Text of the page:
‘Human’, the movie, expresses the raw, inescapable reality of humanity. This is a mirror for our collective soul, which can change the world…if we let it.
There’s something to be said for reaching into the depths of your soul, dirty as it might be, to find the stuff that binds us all together. Statistics can show us how media manipulation of the general public can alter culture and political ideals, and vice versa. We can study disease trends, violence, war, you name it. You can avoid the harsh reality of war by thinking of X number of casualties, but when your child dies there’s no escaping how much a life is worth. And every life lost affects someone else to the same degree. We are all human.
One of my favorite proverbs is from Sweden. It states simply “shared joy is double joy, shared sorrow is half sorrow.” And in doing so, it sums up the human experience beautifully. As humans, we are undeniably social creatures. Our daily interactions with our fellow humans define our existence. From wondering if we phrased things right to a grieving friend to celebrating with friends when our favorite team wins the Super Bowl, what we do on a daily basis is undeniably impacted by and has an impact on others.
Renowned filmmaker and photographer Yann Arthus-Bertrand recently released a movie that calls us all to examine ourselves as humans. A little over 4.5 hours in length, the three-part movie “Human” tackles tough issues you won’t find discussed in so raw and moving a manner elsewhere. Love, work, family, poverty, happiness, disability and dozens more emotionally moving and intrinsically difficult to express concepts are shown clearly in this film. There are no cheap gimmicks or special effects. You come face-to-face with the interviewees—the least expected subjects—ordinary people whose existence unto itself is extraordinary.
Prison inmates, immigrants, refugees and victims of rape offer their stories in their own words. Hailing from around the world and speaking dozens of languages—some of which could, admittedly, be better translated—share their deepest emotions. They cry, laugh and most of all, despite differing opinions, remind us what it means to be human.
Arthus-Bertrand takes the idea of telling every persons’ story to a new level. You have no choice but to look the interviewee in the eye, and to—even without trying—understand them. You hear the joy and pain in the voices of each subject, and connect with them as if you were seated in the room in front of them. As if you were their intended audience.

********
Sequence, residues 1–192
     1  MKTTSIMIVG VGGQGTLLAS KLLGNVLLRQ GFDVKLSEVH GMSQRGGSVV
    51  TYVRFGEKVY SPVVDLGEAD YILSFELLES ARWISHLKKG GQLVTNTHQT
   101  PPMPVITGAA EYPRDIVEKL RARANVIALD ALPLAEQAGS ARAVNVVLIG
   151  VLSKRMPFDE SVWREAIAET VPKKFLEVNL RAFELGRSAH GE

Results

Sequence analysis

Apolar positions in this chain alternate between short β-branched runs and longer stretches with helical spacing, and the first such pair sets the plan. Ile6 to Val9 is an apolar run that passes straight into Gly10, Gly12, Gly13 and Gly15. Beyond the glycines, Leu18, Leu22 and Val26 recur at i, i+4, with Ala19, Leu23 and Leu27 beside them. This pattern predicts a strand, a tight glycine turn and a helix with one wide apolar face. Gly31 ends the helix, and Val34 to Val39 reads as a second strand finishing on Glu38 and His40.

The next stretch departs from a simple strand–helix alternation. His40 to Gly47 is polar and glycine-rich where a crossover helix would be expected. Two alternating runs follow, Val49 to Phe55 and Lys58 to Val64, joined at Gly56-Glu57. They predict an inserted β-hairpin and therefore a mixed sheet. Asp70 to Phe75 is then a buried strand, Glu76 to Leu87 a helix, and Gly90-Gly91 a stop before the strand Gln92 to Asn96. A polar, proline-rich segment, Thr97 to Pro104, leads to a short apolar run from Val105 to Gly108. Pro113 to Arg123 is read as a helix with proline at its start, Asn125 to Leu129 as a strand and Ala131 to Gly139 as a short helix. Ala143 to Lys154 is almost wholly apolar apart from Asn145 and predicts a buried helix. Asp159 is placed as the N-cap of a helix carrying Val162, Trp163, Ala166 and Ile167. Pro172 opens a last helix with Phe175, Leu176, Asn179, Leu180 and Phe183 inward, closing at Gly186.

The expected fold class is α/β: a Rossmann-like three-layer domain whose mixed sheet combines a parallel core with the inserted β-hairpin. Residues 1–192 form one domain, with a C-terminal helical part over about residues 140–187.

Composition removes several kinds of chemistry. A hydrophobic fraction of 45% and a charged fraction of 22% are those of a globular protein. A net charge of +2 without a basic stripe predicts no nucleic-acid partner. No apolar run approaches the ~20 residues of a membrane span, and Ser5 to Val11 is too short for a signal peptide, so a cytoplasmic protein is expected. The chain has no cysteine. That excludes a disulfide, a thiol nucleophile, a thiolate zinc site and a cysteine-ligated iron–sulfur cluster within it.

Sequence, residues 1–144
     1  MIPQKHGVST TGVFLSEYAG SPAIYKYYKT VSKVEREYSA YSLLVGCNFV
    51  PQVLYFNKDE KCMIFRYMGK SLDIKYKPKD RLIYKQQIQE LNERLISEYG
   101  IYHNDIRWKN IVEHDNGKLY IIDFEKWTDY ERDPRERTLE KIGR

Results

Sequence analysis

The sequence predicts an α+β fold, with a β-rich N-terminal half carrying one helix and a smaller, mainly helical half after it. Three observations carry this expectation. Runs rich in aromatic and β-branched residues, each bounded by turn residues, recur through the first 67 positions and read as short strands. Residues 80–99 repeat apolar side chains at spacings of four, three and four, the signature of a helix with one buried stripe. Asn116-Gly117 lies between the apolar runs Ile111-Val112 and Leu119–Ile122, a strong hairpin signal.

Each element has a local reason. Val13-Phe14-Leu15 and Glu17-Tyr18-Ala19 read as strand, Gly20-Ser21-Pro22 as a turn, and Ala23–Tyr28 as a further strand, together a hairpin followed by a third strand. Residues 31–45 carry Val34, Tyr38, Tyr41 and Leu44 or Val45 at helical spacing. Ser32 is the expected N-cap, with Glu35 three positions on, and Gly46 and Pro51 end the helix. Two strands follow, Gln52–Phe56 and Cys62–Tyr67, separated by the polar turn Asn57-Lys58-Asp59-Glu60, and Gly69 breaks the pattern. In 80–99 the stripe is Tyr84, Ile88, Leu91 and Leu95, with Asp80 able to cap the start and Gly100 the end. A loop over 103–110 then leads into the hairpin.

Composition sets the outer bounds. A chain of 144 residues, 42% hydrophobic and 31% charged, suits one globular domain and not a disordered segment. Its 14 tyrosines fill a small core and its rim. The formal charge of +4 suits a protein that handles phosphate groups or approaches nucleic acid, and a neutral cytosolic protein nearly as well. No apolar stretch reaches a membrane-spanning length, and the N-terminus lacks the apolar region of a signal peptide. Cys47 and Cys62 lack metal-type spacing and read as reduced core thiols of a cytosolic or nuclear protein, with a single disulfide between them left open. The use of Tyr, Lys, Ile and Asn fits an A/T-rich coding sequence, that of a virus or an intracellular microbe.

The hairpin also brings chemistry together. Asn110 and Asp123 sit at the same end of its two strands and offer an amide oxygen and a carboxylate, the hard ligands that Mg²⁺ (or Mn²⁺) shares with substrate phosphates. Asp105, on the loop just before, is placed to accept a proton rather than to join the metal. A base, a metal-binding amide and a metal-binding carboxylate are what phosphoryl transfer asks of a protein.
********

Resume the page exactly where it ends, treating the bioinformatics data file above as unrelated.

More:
Stereotypes are shattered, and the good and bad of humanity are exemplified. The words of a man with a desire to kill, a convict who murdered a mother and child, a man whose daughter was killed who seeks no revenge despite his acquaintances suggesting he get it…each face you. Some are frightening, some offer unexpected wisdom and some will leave you laughing or crying. None will bore you.
Minimalist presentation is interspersed with stunning scenes of nature and humanity as intermissions between themes. Those visual breaks are feasts for the senses. The music is expertly paired with the imagery in the movie to encourage you to think about what you just saw.
I found myself silent after the film—many of the questions it tackles seem to have no solution, and others push me to look for a better way of living. Perhaps that was the goal of the film on a whole: to inspire a new way of looking at our fellow man. A new way of being human.
Can a movie change the world? That’s a good question. The raw reality of humanity as we are, not as we’d like to idealize ourselves to be, is inescapable in this film. It’s a mirror for our collective soul, and that’s not necessarily an easy thing to face.
Watch it and share your thoughts here in the comments. This is one movie worth talking about…as we learn to really face ourselves as we are.
Photo credit: YouTube/Human the movie